Obama’s policy for Libya required Americans stationed there to “normalize” our presence. This policy meant that instead of having a Marine detachment for security (as is done in such dangerous places as Barbados), our facilities were guarded by a few locals, who fled at the first sign of trouble and may even have joined in the attack.

Obama had to know what was happening in “real time” during the attack. He waited six weeks to meekly claim that he ordered action to support the brave men who were fighting the jihadists. However, no help was given, they were left to die, and the White House has been unable to produce any evidence of such a command.

Every time Obama talks about the event, he sternly pronounces that the FBI is investigating and that he will not rest until those responsible are brought to justice. How do you think that’s going? Of course, he can’t tell us any details, including what he was doing, until the investigation is finished. When will it be “finished”? Perhaps in four years?

As evidenced by Susan Rice’s presentations, the cover-up was intended to enable Obama, until at least after the election, to maintain his victory lap over bin Laden’s body and declare that al-Qaida is decimated. A terrorist attack by al-Qaida would have put his whole apologetic foreign policy into question.

During the second debate with Romney and during his first press conference after the election, Obama shamefully faked outrage that anyone could even hint that he would play politics with this security issue. In my opinion, this is the most outrageous act by any president ever.

What is crystal clear: Obama cannot be trusted, he is a blatant liar and not even a very good one.

McCain, Graham and Ayotte should be praised and supported in every way possible until the full truth is known.

— Thomas B. Tucker

Vigo County

We create takers,

then blame them

After the election, Mitt Romney said Obama won because he gave people stuff. Paul Ryan said those who voted for Obama were “takers, not makers.” Those sound bites were echoed by the puppets on Fox News, while a few in the GOP rejected them because they’re considered front-runners in 2016. But back to the takers and makers and stuff comments.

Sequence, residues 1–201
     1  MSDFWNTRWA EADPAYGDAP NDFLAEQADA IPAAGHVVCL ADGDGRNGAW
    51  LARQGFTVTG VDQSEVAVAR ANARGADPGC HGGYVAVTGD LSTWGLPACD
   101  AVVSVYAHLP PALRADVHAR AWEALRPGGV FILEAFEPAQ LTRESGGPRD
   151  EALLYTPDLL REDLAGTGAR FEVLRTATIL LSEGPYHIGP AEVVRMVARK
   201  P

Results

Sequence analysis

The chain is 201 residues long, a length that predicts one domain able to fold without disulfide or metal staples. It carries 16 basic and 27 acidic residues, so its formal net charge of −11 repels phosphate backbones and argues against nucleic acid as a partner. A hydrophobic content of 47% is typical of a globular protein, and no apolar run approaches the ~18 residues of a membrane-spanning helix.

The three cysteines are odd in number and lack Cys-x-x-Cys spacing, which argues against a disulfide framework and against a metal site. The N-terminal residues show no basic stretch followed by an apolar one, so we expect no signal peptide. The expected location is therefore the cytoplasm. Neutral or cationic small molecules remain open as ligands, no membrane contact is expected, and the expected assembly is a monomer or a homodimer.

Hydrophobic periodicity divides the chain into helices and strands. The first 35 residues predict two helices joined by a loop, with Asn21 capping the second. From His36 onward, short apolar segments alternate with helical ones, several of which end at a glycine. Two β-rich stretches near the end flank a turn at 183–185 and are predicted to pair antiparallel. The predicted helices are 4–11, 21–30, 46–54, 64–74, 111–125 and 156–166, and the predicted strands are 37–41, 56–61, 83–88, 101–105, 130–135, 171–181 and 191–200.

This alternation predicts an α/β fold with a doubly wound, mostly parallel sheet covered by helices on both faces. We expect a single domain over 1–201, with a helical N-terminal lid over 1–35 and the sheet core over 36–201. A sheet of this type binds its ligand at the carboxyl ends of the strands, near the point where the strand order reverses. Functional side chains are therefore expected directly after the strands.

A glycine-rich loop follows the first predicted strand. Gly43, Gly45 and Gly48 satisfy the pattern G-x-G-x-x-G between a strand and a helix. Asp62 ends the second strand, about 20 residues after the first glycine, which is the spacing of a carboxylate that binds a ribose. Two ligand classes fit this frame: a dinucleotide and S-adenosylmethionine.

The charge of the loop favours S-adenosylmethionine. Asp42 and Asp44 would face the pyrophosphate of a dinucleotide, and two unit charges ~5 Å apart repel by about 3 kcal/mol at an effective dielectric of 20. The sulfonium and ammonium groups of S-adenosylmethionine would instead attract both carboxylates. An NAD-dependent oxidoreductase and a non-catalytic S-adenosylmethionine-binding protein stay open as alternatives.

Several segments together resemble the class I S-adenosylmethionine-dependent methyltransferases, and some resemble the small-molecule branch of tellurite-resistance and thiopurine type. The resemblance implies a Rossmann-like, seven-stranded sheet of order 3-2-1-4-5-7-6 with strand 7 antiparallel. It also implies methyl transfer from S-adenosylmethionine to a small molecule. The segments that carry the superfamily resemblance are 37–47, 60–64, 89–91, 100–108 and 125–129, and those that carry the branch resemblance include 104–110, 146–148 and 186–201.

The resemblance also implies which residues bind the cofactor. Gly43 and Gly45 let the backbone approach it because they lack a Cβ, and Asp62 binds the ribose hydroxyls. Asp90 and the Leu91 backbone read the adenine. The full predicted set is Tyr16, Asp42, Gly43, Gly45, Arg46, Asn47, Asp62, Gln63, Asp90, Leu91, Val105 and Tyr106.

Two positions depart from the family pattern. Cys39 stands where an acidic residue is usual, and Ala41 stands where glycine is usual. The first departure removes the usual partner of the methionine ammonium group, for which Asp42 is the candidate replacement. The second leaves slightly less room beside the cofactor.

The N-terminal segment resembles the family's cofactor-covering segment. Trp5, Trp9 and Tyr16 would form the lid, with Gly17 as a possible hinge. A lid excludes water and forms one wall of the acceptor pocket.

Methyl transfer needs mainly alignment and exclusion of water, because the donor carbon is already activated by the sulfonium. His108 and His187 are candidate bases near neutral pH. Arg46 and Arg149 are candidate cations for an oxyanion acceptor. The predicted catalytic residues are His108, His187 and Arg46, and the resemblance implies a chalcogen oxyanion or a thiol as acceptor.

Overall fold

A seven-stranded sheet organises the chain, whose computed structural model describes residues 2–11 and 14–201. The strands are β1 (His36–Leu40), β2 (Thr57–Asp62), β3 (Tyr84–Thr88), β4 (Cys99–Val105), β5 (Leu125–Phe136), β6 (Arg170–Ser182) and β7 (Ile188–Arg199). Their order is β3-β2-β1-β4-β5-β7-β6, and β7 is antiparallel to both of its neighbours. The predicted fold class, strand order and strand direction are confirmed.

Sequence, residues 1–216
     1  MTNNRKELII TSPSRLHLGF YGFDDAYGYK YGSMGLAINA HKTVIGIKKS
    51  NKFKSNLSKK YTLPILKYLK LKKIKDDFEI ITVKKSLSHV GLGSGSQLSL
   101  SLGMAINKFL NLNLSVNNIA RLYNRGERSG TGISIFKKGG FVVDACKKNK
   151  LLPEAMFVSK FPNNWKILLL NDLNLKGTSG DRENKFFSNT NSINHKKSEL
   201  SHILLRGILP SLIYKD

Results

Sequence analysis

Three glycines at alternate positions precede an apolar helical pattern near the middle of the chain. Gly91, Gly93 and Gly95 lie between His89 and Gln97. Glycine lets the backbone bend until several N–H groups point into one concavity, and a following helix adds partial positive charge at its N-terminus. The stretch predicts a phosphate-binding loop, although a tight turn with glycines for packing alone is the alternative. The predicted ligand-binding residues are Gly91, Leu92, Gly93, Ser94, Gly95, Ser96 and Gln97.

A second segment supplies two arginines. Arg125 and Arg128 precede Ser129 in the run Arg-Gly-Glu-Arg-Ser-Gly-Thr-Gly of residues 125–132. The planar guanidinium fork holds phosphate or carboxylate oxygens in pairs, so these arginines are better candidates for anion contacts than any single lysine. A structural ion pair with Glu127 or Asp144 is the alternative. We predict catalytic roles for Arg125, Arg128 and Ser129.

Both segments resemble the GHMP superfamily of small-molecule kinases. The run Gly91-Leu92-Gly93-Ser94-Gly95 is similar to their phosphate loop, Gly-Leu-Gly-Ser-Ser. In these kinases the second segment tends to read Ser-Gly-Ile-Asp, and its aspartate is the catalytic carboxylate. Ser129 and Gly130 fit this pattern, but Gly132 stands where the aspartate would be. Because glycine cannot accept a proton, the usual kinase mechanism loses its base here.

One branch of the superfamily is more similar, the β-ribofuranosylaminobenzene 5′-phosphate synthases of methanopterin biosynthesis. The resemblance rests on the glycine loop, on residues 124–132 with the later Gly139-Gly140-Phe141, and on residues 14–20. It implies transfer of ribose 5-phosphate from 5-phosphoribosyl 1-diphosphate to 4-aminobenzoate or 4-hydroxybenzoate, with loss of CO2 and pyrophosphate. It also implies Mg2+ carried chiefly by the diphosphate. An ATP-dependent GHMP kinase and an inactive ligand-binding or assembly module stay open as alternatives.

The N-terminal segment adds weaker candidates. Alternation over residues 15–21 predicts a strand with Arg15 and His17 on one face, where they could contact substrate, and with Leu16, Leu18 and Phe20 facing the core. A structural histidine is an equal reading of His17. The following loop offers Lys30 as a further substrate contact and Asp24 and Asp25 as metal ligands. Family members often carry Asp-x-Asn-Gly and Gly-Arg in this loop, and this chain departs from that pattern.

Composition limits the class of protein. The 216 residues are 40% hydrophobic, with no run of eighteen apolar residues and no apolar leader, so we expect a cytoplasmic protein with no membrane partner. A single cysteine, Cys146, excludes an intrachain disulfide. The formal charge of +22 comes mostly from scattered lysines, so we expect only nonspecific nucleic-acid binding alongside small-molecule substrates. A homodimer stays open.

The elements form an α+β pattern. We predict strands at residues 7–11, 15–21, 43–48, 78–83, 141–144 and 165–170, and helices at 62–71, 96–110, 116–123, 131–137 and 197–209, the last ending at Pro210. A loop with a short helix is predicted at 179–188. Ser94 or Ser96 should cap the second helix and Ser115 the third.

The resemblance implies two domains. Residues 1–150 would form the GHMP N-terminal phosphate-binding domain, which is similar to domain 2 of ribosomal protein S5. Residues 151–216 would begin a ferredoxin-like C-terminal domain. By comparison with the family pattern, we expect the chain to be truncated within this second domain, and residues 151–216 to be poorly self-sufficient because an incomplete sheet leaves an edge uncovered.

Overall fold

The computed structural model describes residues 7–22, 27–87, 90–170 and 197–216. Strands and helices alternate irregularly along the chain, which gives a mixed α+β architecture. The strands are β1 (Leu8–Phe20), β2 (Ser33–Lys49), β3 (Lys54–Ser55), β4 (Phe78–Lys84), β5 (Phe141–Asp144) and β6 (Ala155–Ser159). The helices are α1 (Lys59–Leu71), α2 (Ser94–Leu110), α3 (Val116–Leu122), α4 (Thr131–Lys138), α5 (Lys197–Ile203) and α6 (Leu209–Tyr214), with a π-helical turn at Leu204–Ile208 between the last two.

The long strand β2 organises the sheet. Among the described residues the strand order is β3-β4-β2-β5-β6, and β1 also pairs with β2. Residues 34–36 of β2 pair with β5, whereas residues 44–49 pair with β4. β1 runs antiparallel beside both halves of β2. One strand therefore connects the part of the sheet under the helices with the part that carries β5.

The Tribune-Star had an article reporting that Hostess, the makers of Twinkies, Ding Dongs and other goodies, was going out of business. The article said that was because Hostess and the union couldn’t reach a deal. The closing meant that 18,000 people nationwide would lose their jobs.

Some nationally syndicated reporters decided to look into it more closely, while the union-busting GOP was screaming that another company closed because of the union. This is what was uncovered by reporters:

About two or three years ago, Hostess filed for bankruptcy. At that time, the union workers took a cut in pay and benefits and Hostess continued making products. The very next year Hostess paid their CEO $42.5 million and gave other executives, according to their level, anywhere from 30- to 80-percent bonuses. Now they’ve again asked the union to accept another 7-percent cut in pay and a 17-percent cut in benefits. The union refused, and Hostess filed bankruptcy again, this time closing its doors. While Hostess is blaming the union for it closing the doors, Hostess still gave their executives another bonus.